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State Flags 95,000 Cases Of Possible Voter Fraud. How Many Are In Central Texas?

Gabriel C. Pérez
Voters cast ballots during the March primaries last year.

GOP leaders say a list of 95,000 names of suspected non-U.S. citizens on state voter rolls is proof of voter fraud in Texas.

The Secretary of State said the names on the list released Friday were of people who were not citizens when they applied for a Texas driver’s licenses. Of those people, 58,000 have voted. The secretary suggested that counties contact the people on their lists to confirm citizenship, and if they don’t hear back after 30 days – or determine the people are not citizens – purge them from voter rolls.

Travis County Tax Assessor-Collector Bruce Elfant, who manages the county's voter rolls, said the Secretary of State's office told him Tuesday morning to expect a new list of people DPS has cleared as being citizens. The counties will now have to compare that list with the SOS list. 

KUT called six Central Texas counties to see how many names were on their lists and what they planned to do with the names.

Bastrop: The county has 145 names on the list. 

Blanco: Election officials say there are only seven names on Blanco's list. They plan to send out notices to all seven and see what comes back.

Caldwell: The county election administrator would not tell KUT how many people are on the list. But in a spreadsheet from Travis County, Caldwell is listed as having 63 names on the list. County officials did say it plans on following the Secretary of State’s guidelines of sending notices and purging rolls after 30 days.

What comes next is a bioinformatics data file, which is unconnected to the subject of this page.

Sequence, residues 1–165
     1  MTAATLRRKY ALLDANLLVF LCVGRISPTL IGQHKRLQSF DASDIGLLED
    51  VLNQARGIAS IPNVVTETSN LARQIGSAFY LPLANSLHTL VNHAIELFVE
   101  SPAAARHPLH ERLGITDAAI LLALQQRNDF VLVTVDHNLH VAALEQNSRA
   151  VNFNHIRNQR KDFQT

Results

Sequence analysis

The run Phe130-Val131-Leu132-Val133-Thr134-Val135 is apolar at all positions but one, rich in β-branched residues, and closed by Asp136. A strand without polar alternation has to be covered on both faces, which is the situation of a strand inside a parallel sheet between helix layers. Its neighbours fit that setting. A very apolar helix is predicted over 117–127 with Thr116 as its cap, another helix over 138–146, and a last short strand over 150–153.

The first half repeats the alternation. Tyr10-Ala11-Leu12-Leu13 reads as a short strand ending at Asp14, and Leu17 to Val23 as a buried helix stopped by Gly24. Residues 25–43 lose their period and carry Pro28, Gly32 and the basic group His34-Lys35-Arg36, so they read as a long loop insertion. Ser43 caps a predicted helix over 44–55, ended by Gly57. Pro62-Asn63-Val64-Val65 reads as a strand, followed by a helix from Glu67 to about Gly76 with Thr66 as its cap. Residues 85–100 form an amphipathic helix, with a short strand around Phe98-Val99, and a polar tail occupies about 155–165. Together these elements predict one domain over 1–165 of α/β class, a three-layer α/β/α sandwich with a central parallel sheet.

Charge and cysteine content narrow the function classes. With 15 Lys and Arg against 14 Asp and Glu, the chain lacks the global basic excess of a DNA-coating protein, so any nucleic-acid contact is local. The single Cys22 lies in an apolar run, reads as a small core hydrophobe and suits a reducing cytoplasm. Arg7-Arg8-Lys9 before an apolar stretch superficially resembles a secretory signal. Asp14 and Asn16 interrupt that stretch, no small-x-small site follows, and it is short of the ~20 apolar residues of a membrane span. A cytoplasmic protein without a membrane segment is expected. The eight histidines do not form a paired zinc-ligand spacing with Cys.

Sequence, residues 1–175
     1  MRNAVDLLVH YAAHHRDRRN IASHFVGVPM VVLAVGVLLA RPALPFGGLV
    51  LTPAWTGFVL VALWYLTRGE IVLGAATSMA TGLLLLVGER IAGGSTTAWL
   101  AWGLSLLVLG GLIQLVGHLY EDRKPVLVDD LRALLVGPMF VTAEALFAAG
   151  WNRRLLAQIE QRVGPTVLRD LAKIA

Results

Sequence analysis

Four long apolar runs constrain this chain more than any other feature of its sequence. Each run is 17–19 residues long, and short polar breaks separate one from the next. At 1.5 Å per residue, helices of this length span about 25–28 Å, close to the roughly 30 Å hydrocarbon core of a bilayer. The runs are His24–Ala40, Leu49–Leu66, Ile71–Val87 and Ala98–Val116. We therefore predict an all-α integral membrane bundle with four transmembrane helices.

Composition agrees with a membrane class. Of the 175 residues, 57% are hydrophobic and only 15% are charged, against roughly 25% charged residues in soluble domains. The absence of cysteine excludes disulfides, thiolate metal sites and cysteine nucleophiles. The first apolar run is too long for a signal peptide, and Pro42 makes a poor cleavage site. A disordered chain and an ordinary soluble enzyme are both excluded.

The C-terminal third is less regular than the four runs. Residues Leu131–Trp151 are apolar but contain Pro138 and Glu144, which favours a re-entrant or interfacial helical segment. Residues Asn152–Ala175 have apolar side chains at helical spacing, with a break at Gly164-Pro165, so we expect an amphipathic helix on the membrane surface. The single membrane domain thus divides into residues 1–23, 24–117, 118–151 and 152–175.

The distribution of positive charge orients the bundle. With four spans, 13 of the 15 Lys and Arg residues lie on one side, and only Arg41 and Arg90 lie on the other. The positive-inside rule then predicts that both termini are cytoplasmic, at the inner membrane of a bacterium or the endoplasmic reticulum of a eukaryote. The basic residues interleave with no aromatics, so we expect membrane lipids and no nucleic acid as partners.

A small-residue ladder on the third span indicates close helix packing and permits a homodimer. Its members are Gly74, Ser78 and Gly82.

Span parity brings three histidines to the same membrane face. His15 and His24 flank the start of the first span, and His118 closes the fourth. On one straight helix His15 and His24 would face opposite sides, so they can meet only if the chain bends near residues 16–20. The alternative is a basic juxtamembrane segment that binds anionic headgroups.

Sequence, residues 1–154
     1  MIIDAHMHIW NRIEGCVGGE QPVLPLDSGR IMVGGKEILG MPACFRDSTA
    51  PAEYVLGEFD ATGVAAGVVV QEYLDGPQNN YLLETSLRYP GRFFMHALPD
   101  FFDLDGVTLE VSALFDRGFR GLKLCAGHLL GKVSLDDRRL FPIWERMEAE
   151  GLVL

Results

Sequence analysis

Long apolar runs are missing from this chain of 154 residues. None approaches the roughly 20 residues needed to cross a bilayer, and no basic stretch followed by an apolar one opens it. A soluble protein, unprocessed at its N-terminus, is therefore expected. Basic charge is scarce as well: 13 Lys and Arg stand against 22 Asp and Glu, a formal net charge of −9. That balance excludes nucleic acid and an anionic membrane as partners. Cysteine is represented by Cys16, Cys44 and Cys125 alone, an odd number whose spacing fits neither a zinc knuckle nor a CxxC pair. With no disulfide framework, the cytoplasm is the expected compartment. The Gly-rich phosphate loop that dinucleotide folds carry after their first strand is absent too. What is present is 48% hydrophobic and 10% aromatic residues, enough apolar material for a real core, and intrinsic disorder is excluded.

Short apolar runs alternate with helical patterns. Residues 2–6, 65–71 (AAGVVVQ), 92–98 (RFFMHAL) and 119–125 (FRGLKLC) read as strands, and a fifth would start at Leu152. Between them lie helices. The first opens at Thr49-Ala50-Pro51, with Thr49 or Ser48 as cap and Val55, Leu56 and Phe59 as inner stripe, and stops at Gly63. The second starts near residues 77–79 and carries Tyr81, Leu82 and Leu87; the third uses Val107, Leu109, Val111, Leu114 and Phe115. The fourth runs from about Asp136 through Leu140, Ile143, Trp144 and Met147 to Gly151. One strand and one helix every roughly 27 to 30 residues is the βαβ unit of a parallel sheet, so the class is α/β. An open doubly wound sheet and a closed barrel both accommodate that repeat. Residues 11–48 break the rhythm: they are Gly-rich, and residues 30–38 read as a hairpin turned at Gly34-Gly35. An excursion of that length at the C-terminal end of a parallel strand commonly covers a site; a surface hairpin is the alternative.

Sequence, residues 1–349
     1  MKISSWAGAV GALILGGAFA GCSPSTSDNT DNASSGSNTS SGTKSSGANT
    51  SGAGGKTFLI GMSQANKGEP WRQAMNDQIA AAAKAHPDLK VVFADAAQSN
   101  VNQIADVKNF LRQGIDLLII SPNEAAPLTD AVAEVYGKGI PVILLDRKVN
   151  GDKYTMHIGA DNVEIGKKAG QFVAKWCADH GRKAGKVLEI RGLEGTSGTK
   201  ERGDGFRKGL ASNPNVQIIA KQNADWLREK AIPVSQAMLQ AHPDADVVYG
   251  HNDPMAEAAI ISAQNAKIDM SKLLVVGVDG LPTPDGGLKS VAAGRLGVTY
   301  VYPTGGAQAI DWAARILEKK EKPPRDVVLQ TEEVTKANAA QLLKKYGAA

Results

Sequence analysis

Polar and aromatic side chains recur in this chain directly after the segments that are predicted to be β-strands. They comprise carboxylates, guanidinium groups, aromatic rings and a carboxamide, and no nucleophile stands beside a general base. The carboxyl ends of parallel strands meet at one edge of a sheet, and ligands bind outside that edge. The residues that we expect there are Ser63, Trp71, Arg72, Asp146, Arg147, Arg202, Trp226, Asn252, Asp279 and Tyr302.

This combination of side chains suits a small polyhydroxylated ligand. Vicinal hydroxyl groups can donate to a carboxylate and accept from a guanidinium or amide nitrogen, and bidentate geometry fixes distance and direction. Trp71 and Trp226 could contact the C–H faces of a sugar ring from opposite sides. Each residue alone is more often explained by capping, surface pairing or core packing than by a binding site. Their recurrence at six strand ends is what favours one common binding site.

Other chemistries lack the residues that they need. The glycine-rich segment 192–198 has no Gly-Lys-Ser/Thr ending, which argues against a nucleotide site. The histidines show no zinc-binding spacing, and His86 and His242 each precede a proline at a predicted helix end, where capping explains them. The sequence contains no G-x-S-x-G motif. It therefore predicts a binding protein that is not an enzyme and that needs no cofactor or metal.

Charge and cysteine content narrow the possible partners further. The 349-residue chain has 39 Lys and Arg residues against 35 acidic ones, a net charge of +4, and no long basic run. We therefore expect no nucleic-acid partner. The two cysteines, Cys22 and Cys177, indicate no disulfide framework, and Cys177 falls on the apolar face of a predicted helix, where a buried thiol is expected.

Hays: The county has 365 names on the list.

Travis: County Tax Assessor-Collector Bruce Elfant says the county has 4,547 people on the list. His office will investigate each name, but he says it will not be purging the rolls after 30 days.

Williamson: There are 2,033 names on the list in Williamson County. Officials say they’re going to check the names to see if anyone recently became a U.S. citizen. They’ll send out notices to the remaining people.

Monday, several activist groups in Texas strongly came out against the list. A coalition of 13 groups demanded the state rescind it, alleging it could violate federal law.

Then on Tuesday, LULAC filed a lawsuit against the Texas Secretary of State and Attorney General, claiming their released of the list targetted Latinos who are legal voters.

This post has been updated throughout.

Ben Philpott is the Managing Editor for KUT. Got a tip? Email him at Follow him on Twitter @BenPhilpottKUT.
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